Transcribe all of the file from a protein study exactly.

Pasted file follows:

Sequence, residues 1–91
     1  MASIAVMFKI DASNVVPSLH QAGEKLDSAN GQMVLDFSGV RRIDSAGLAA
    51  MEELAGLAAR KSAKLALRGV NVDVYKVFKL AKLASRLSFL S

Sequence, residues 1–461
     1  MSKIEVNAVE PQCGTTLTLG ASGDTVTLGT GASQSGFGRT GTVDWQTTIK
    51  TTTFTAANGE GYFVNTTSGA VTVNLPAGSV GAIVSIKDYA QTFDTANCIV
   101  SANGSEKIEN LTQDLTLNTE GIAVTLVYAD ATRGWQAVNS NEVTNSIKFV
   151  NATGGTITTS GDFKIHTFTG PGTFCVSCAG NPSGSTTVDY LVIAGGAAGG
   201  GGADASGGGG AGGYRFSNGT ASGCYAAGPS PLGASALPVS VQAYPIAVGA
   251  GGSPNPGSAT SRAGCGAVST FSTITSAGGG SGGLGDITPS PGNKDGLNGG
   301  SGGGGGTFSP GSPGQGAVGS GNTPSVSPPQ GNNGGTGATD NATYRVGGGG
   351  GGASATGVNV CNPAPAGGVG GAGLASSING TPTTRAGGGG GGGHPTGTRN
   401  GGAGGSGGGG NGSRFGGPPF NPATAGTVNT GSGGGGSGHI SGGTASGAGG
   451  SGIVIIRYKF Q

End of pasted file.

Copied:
Sequence, residues 1–91
     1  MASIAVMFKI DASNVVPSLH QAGEKLDSAN GQMVLDFSGV RRIDSAGLAA
    51  MEELAGLAAR KSAKLALRGV NVDVYKVFKL AKLASRLSFL S

Sequence, residues 1–461
     1  MSKIEVNAVE PQCGTTLTLG ASGDTVTLGT GASQSGFGRT GTVDWQTTIK
    51  TTTFTAANGE GYFVNTTSGA VTVNLPAGSV GAIVSIKDYA QTFDTANCIV
   101  SANGSEKIEN LTQDLTLNTE GIAVTLVYAD ATRGWQAVNS NEVTNSIKFV
   151  NATGGTITTS GDFKIHTFTG PGTFCVSCAG NPSGSTTVDY LVIAGGAAGG
   201  GGADASGGGG AGGYRFSNGT ASGCYAAGPS PLGASALPVS VQAYPIAVGA
   251  GGSPNPGSAT SRAGCGAVST FSTITSAGGG SGGLGDITPS PGNKDGLNGG
   301  SGGGGGTFSP GSPGQGAVGS GNTPSVSPPQ GNNGGTGATD NATYRVGGGG
   351  GGASATGVNV CNPAPAGGVG GAGLASSING TPTTRAGGGG GGGHPTGTRN
   401  GGAGGSGGGG NGSRFGGPPF NPATAGTVNT GSGGGGSGHI SGGTASGAGG
   451  SGIVIIRYKF Q